Game review by
Michael Lafferty, Common Sense Media
Subaeria Game Poster Image
Clever platform puzzler entertains with mild robot violence.

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A lot or a little?

The parents' guide to what's in this game.

Positive Messages

Encouragement, themes of teamwork between the main character, his drone.

Positive Role Models & Representations

The player is the hero, must exhibit traits of bravery, take some risks to succeed, work through the levels. 

Ease of Play

Simple controls with easy menu navigation, but relies on a gamepad for controlling action.


Exploding robots abound, but no blood or combat involving main character; it's all robot against robot. Players can risk dying if they can't avoid being hit by robots' ranged attacks. 

Drinking, Drugs & Smoking

What parents need to know

Parents need to know that Subaeria is a downloadable Rogue-like action-adventure puzzle-style game with platformer elements set in a dysfunctional underwater world teeming with robots. Players are accompanied only by their drone companion without weapons, so they need to be creative and figure out a way to lure enemy robots into a trap or fight each other. This is a top-down game, meaning the action is viewed from high above the world. The game also requires a gamepad for Windows, which is like a 360 controller but designed for the PC. The enemies usually die in explosions, but players need credits -- earned during gameplay -- to keep their health up or to continue if defeated (instead of starting from the beginning). 

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What's it about?

In SUBAERIA, technology has taken over the underwater city of Subaeria, and if you want to survive, you must escape as quickly as possible. This game requires players to use their wits and drone companion to outsmart the robots that are dominating the city. The player has no weapons but must lure the enemy into traps or into fighting each other to progress to new levels. In addition, the game has platform elements -- rudimentary jumping skills are required -- and players can upgrade their drone's skills. There are four characters, each with his or her own story, which provides additional perspective on what caused the city's downfall.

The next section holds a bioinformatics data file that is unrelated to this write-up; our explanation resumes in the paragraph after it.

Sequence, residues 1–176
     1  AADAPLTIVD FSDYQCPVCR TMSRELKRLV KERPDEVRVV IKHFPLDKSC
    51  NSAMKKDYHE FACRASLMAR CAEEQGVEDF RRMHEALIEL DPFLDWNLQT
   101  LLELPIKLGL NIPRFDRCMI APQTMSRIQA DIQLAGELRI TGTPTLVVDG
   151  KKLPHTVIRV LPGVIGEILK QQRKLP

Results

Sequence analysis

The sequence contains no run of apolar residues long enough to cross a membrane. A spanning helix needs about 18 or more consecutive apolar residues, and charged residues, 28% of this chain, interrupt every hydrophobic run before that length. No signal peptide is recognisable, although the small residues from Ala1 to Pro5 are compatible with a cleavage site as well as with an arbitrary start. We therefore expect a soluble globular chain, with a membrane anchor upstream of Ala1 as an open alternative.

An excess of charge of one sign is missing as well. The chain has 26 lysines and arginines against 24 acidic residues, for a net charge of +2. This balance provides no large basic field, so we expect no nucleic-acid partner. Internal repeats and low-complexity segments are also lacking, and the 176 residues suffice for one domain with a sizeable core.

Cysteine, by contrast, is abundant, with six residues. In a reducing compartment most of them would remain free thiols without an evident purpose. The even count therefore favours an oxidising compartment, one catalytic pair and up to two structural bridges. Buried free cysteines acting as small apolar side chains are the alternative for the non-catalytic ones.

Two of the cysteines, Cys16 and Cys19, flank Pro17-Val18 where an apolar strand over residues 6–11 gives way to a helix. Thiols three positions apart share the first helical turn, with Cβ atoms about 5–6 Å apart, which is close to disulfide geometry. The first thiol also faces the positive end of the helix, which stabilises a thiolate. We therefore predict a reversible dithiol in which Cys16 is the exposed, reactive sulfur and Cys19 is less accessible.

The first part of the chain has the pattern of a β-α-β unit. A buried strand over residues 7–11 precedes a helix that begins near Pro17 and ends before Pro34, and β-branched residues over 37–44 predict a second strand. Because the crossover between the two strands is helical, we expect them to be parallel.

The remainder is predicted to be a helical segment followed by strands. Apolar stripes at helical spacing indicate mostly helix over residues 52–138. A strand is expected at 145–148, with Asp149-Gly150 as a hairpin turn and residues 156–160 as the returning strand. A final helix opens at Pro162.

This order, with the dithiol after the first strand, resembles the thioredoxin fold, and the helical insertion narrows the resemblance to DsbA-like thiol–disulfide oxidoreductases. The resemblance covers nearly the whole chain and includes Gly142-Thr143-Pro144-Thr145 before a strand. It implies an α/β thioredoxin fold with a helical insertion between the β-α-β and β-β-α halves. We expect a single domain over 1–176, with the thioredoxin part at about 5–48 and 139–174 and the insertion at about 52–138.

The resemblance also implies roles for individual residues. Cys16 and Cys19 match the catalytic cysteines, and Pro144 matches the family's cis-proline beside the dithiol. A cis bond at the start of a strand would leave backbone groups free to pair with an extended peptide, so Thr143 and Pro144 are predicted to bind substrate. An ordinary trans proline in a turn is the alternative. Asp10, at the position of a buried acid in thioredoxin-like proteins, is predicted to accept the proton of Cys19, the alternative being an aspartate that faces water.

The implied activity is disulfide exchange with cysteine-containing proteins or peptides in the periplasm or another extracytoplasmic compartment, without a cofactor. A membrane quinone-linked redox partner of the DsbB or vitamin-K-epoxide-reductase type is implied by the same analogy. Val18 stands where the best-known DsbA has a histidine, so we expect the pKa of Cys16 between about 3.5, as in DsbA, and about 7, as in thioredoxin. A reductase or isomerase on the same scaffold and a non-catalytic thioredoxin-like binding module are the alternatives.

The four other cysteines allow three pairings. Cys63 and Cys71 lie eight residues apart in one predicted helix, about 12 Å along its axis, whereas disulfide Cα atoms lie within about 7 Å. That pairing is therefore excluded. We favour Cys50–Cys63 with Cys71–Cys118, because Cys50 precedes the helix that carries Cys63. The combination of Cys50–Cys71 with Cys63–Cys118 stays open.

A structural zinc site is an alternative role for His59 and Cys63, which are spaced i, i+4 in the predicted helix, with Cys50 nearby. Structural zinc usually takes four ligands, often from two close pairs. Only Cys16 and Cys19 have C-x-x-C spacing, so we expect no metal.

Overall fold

Is it any good?

Combine a rogue-like action game with some unique puzzle concepts and you have a solid foundation for a good time. Subaeria is not without flaws, but the wry twists make for an entertaining and challenging concept -- especially where younger players might be concerned. First, the player has no weapons. The only tool is the player's brain and his or her drone. Players need to use strategy to manipulate the enemies into a variety of traps or get them to battle and destroy themselves. There are platforms to leap across and lasers to jump over in a colorful, bright world. Intersecting story lines with multiple characters also give the plot nice continuity.

Where Subaeria falters is in forcing a player to use a gamepad to navigate, simply because it's an added expense. It's understandable because both the player and the drone can be controlled separately. There's also a chance that dying requires a complete restart -- which might be frustrating for younger players. The game is easy to understand, but sometimes quick reflexes will save the day over the ability to slow things down and think through to winning solutions. These are minor complaints, though, and Subaeria's concept of no direct violence from the main character scores very big points. This is no run-'n'-gun or hack-'n'-slash; instead, it's a thoughtful action game that's a good fit for younger players. 

Talk to your kids about ...

  • Families can talk about violence in video games. What makes the violence in Subaeria different from that in many other games? Is it because it's robot against robot? Does the lack of realism make the violence OK?

  • Families can talk about what it might be like to live in an underwater city. What challenges would people face? What would be key to survival?

Game details

Our editors recommend

For kids who love puzzles

Themes & Topics

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